As I was unable to get into London yesterday evening, I decided to follow the CILIP 2012 hustings online. This was possible since CILIP was helpfully livestreaming the event (which has been recorded and can be viewed here) and there was also a twitter hashtag allocated (#CILIP2012).
John Kirriemuir has already posted an excellent review of the evening, from an attendees point of view, so I will try and avoid duplicating any of the points he's already made.
So what was the experience like as a virtual participant? The video worked really well (although from the twitter stream I believe there were one or two people who had difficulty getting it to run). The only real problem I experienced was with the sound quality. There were two table-microphones in view, but Sue Cook on the end of the row (and to a lesser extent Maria Cotera next to her) were virtually inaudible at times.
The twitter stream displayed alongside the video on the CILIP page didn't seem to be updating without refreshing the screen, so rather than risk disrupting the video stram, I ran my own HootSuite stream in the background and checked it regularly as a substitute, which worked out fine.
Some of the key quotes that I picked up on, and tweeted about last night, included:
Q. How should CILIP increase membership?
Liz Mcgettigan we tell each other how wonderful we are - we should have a conference & invite people from other disciplines
Maria Cotera Start by bringing back those that have left - show them a reason to rejoin
Liz Mcgettigan Create a website or tools for people to use to sell the benefits of having librarians to employers
Mike Hosking Make CILIP seem less 'top down' and more belonging to, and owned by, members
Mike Hosking (Provide) better information career development guidance, less focused on traditional (physical?) library based careers
Sue Westcott Widen Chartership so it's more available (perceived as more available) to non-traditional LIS workers, take more care about the language used so it's more inclusive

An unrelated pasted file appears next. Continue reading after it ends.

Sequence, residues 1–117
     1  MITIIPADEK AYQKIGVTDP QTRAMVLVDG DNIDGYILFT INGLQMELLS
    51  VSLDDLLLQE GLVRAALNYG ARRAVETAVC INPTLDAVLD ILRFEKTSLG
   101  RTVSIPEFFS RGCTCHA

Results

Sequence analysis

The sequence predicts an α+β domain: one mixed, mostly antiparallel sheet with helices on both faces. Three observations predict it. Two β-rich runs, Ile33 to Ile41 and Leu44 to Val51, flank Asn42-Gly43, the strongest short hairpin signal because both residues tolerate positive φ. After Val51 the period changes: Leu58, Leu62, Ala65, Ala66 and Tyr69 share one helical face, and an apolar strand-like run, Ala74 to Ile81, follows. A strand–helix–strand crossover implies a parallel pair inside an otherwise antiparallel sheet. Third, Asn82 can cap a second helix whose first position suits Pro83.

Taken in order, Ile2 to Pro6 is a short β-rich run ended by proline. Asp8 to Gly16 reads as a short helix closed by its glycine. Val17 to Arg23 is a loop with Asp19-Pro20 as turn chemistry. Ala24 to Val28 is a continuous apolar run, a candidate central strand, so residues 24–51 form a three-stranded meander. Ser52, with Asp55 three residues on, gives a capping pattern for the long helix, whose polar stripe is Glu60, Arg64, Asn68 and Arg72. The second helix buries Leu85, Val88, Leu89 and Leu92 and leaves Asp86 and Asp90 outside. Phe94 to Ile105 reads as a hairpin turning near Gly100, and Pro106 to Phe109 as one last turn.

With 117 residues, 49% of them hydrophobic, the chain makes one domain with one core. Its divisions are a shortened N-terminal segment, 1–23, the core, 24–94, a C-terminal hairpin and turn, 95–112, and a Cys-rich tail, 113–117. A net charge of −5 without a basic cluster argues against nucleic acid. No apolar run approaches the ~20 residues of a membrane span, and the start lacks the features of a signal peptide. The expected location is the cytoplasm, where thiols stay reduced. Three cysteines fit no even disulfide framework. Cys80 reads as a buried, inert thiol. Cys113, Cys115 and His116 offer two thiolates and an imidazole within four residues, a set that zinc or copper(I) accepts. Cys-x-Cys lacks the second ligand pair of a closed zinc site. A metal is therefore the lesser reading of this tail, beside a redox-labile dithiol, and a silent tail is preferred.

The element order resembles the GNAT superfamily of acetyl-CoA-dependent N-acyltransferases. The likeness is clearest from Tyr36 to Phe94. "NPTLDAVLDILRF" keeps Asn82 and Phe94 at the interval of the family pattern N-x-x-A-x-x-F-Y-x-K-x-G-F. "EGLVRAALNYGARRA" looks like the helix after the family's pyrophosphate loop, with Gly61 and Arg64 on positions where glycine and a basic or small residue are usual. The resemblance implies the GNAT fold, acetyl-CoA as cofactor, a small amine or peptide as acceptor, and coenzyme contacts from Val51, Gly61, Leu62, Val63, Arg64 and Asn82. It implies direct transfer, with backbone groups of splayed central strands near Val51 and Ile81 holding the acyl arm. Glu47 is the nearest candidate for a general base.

Sue Westcott Talking publically about issues of wider public interest (Wikileaks for eg), would make more people want to join CILIP
Sue Westcott It's up to us to go out and find other communities who could be part of our profession and take a positive messasge to them
Maria Cotera The key thing is to listen, to what people's requirements are, not just partner for the sake of it, not just listen to friends but to 'enemies' too so we expand our circle
Q. Should CILIP increase its partnerships?
Sue Westcott We should think of partnerships in two ways; to partner with other information groups & to partner with commercial or other organisations to deliver services
Liz Mcgettigan CILIP needs to be selective about who they partner with
Sue Cook We need to be aware partnerships don't last forever, be flexible, and go for strategic partnerships
Mike Hosking CILIP needs to be in a partnership with organisations in the education sector
Q. How would you make members not in London feel more a part of CILIP?
Sue Westcott CILIP needs to think about having an internal dialogue about how people in the regions want to be included and catered for
Mike Hosking Branches & groups are key but we need to look at them with fresh eye, use new tech to bridge distances & get people to band together
Maria Cotera In other organisation I've been involved with, we used to hold a conference & other meetings at different locations around the country; CILIP needs to establish new models of working
Q. Where are borders of LIS profession, which skill sets are in or out?
Sue Cook There is a core set (of skills), but each job I've had has needed new things as well - so it's varied
Maria Cotera The most important skills are the softer ones like communication or advocacy
Sue Westcott Anyone who puts the right people together with the right information = an LIS professional, wherever they work
Liz Mcgettigan The basic skills (I believe she meant the core technical LIS skills) are important, plus the ability to engage, network and advocate are key
*sorry to any of the candidates if your comments are underrepresented, but as I mentioned above I had difficulty hearing some of the replies, some of the time.
Overall it was great to be able to participate remotely, and to see the candidates reactions in real time, which of course isn't possible with the ehustings. In fact, I believe there were more virtual participants (someone tweeted there were 28 viewing the live stream at one point) than physical attendees.
Even so, that only makes a total of 38 people taking part, which seems a woefully low proportion of CILIP's 16,000 or so members. Being somewhat controversial here, is it fair to say that, if people don't take part in the democratic process, then they have less right to complain about how things are run? Of course some of those members had other engagements last night, or no access to an internet computer, but even so surely a couple of hundred could have shown an interest, at this critical juncture in the organisations life?